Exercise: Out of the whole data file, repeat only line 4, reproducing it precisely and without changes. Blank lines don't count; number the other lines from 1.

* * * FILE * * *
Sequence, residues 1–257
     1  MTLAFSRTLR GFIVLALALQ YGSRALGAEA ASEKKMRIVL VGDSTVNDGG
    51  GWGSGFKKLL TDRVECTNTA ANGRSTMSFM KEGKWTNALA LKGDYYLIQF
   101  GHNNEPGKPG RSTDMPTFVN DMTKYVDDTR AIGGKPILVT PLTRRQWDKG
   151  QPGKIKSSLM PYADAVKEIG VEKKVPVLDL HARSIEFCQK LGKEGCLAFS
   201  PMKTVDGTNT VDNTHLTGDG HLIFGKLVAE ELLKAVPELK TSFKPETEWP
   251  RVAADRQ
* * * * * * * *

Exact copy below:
   101  GHNNEPGKPG RSTDMPTFVN DMTKYVDDTR AIGGKPILVT PLTRRQWDKG